Nicaragua | Freedom House

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Freedom of the Press

Freedom of the Press 2017

Nicaragua

Profile

Press Freedom Status: 
Partly Free

Freedom of the Press Scores

(0=Most Free, 100=Least Free)

Quick Facts

Population: 
6,300,000
Internet Penetration Rate: 
19.7%

Key Developments in 2016:

  • Daniel Ortega was reelected for a third consecutive term as president in November, at which point he had not held a formal press conference in more than nine years.
  • In June, authorities arbitrarily expelled a U.S. researcher investigating the country’s interoceanic canal project, adding to a pattern of secrecy surrounding the controversial enterprise.
  • In October, the magazine Confidencial reported that members of the military and ruling party had questioned and intimidated its journalists and attempted to spy on its operations.

Executive Summary

Nicaragua has some legal protections for media freedom. However, the ruling Sandinista National Liberation Front (FSLN) has maintained restrictive media policies since the party took power in 2007, including preferential treatment for the progovernment press and denial of official advertising worth millions of dollars to independent and opposition outlets. Nearly all television stations are owned by either the president’s family or Mexican media mogul Ángel González, whose outlets avoid criticism of the government. Several other news sources are controlled by FSLN-affiliated owners. Progovernment media bias was especially apparent in the period surrounding the 2016 elections.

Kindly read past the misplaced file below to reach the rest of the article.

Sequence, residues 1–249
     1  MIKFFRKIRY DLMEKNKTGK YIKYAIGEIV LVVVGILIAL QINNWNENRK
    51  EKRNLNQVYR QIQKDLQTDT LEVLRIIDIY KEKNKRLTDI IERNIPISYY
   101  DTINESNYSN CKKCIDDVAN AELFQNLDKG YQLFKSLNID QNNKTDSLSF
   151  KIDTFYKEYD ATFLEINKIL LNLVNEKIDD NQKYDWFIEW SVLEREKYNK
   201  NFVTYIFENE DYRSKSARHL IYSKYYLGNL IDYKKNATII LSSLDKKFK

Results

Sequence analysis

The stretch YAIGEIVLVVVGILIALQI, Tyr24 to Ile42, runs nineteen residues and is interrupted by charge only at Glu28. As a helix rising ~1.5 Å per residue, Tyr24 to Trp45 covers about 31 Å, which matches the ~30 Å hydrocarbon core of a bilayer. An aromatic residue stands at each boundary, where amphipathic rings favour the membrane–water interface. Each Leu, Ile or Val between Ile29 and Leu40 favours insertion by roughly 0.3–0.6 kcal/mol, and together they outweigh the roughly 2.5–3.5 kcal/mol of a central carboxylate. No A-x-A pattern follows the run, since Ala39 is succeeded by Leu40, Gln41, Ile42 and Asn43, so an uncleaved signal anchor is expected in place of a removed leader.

The Ortega administration tightly restricts access to information. The politically powerful first lady, Rosario Murillo, is the government spokesperson and presides over the unofficial Communication and Citizenship Council, which acts as a clearinghouse for government information and routinely denies journalists’ requests. Murillo was elected vice president on her husband’s ticket in November 2016.

Journalists investigating the interoceanic canal project have come under immense pressure in recent years, as the government seeks to suppress reporting on public opposition to the construction, allegations of corruption and malfeasance, and potential environmental damage, among other concerns. In June 2016, a researcher sponsored by the U.S. government was expelled from the country less than a day after he arrived to conduct interviews about the canal.

In October, Carlos Fernando Chamorro, director of the magazine Confidencial, accused the army and the FSLN of attempting to spy on the outlet and its journalists. He issued a complaint to the Nicaraguan Center for Human Rights (CENIDH) after two employees were questioned in late September regarding the magazine’s operations and information security and told that the magazine was harming the FSLN’s election campaign.

Explanatory Note

This country report has been abridged for Freedom of the Press 2017. For background information on press freedom in Nicaragua, see Freedom of the Press 2016.